• Include additional definitions of “unsafe systems” that would include OSS that threaten safety by causing injury or death. 

Included in the plan:

  • Protocol for tracking failures of OSS by design and technology
  • Full implementation plan for LHJs
  • Plan to identify and track previously un-known OSS with the target of identifying 20% of un-inventoried OFF in a county annually.
  • Demonstration of how local OSS programs are currently funded and a funding plan for subsequent years, including expenditures and revenues by funding source and activity.

Last year, WSAC and WSALPHO opposed the bill based on the reality that current local funding and staffing levels across the state do not have the capacity to operate with these additional mandates.  They agreed that the planning requirements and safety consideration elements of the bill are good in purpose, and the primary opposition of the bill is the requirement to update a more robust plan with no assurance of funding.  The state should dedicate funds for these plans.  Further, planning development is a foundational public health service (FPHS) as defined in the Foundational Public Health Service Functional Definitions (created by DOH and LHJs).  As an FPHS, it should be funded through state sources and local fees.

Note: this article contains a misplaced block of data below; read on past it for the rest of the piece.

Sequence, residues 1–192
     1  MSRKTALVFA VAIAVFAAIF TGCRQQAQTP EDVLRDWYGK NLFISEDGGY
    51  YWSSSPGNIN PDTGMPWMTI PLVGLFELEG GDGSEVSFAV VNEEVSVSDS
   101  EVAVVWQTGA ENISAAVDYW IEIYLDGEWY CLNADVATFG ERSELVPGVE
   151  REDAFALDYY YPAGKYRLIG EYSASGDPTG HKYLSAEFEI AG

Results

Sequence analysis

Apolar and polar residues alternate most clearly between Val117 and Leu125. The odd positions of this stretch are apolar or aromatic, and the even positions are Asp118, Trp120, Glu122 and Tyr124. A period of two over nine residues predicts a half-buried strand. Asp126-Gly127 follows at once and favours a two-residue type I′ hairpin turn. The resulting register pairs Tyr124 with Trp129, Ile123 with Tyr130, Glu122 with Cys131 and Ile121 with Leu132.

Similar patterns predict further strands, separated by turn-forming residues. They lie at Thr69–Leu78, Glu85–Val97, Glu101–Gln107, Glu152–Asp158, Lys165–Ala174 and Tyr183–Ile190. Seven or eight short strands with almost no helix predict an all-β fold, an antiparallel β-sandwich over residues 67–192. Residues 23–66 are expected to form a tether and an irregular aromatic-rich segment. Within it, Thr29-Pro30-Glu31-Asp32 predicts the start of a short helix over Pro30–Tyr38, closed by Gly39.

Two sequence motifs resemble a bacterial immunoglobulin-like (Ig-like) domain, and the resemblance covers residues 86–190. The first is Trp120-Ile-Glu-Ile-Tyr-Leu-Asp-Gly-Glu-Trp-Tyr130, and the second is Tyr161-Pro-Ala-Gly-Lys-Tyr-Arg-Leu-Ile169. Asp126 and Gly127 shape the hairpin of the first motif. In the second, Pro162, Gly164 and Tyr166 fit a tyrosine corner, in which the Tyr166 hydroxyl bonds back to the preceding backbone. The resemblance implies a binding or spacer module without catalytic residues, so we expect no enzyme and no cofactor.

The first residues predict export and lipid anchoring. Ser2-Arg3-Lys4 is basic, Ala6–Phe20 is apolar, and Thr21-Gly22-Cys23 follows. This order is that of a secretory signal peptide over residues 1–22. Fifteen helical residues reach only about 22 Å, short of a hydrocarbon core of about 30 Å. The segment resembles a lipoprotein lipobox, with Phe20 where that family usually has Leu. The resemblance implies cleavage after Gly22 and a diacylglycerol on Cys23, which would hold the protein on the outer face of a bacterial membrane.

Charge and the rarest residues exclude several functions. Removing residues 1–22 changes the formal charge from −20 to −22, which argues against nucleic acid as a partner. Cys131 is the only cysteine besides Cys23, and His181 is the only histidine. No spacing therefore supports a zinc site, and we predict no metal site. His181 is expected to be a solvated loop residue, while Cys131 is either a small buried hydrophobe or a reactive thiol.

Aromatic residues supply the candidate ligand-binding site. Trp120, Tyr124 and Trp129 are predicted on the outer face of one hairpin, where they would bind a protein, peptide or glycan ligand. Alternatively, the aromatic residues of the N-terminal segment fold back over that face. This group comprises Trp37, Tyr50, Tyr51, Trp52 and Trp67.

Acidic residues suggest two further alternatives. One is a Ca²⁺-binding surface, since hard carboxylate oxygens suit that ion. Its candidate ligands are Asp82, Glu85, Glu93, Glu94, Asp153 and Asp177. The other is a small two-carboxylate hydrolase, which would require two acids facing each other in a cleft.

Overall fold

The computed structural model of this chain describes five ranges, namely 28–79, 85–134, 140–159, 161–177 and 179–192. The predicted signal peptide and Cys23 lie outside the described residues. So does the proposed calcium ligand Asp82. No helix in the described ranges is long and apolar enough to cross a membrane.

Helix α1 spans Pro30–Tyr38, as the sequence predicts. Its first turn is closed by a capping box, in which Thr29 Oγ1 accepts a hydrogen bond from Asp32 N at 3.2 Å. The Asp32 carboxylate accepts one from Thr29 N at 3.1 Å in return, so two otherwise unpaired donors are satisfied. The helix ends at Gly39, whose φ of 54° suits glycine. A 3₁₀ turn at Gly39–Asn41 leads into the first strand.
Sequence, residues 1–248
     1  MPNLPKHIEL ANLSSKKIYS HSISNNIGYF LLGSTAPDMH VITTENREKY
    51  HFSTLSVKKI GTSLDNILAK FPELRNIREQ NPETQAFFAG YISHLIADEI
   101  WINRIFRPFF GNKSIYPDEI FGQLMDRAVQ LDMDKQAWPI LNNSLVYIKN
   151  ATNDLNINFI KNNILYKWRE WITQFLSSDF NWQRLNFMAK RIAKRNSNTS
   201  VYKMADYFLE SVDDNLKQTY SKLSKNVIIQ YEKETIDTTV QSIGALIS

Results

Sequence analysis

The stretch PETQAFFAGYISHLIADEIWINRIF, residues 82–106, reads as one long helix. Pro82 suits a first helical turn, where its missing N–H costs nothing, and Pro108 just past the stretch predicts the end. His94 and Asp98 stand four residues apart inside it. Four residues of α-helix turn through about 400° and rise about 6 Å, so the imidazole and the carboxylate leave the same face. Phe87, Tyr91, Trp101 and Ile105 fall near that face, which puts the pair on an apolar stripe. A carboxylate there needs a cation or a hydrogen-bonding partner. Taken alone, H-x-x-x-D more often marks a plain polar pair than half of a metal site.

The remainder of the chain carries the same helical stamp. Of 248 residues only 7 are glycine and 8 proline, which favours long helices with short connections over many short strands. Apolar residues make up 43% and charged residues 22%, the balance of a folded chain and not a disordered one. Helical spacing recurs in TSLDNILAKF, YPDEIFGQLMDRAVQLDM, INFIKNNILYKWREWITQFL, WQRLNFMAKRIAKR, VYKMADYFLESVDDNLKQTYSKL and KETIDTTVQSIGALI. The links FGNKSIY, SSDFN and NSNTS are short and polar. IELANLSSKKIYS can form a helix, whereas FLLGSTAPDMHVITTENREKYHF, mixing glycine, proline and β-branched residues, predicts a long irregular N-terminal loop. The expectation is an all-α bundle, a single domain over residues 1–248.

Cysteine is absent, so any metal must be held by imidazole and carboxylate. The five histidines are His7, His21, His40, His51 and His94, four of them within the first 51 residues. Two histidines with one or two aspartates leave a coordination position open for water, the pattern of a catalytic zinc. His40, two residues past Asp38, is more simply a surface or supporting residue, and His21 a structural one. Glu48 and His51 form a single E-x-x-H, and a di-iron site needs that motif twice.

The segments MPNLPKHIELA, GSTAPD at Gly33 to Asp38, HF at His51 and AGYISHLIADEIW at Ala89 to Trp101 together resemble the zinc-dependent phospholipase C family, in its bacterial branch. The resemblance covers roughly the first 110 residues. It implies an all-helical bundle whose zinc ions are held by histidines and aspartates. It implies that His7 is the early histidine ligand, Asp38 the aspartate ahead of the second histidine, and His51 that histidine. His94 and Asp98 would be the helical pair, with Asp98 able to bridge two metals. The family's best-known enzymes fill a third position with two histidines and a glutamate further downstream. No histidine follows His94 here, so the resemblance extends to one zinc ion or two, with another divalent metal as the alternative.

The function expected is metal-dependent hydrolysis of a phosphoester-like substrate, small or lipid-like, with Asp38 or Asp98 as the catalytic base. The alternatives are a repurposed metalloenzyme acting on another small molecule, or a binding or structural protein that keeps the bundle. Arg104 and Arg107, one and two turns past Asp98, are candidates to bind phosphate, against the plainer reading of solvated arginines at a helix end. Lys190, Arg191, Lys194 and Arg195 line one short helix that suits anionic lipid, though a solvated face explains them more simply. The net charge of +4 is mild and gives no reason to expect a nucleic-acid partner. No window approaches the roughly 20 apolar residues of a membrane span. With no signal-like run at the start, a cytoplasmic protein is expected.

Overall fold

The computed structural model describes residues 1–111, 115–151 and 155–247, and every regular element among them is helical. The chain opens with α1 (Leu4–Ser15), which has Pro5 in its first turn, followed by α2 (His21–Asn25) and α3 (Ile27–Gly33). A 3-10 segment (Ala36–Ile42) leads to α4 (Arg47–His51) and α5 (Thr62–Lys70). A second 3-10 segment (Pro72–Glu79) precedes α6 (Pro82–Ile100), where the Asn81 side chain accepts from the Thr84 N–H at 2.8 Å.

Currently, OSS funding is almost completely funded through local fees.  LHJs assess these fees (costs to the public) annually and they are ultimately approved by the local board of health.  However, to cover new mandates and additional work, fees cannot and should not be raised just to cover deficits in state allocations. The bill will be heard in the Senate Energy, Environment, and Technology Committee on February 21.

Mobile Food Units Legislation

HB 2639 (Rep. Buys) would exempt certain mobile food units from state and local regulations pertaining to commissaries or servicing areas.  WSALPHO’s suggested amendments were adopted and executive action was taken by the House Committee on Health Care & Wellness.  The bill was approved unanimously by the House and is now scheduled for public hearing in the Senate Committee on Agriculture, Water, Natural Resources & Parks on February 20.


Jaime Bodden

Jaime Bodden is the Managing Director for WSALPHO. Previously, Jaime managed and oversaw the operations of a small health department as Health Officer/Director. Additionally, Jaime has experience in community engagement, health promotion, global health, and health policy. She holds Master degrees in Social Work and Public Health from Washington University in St. Louis.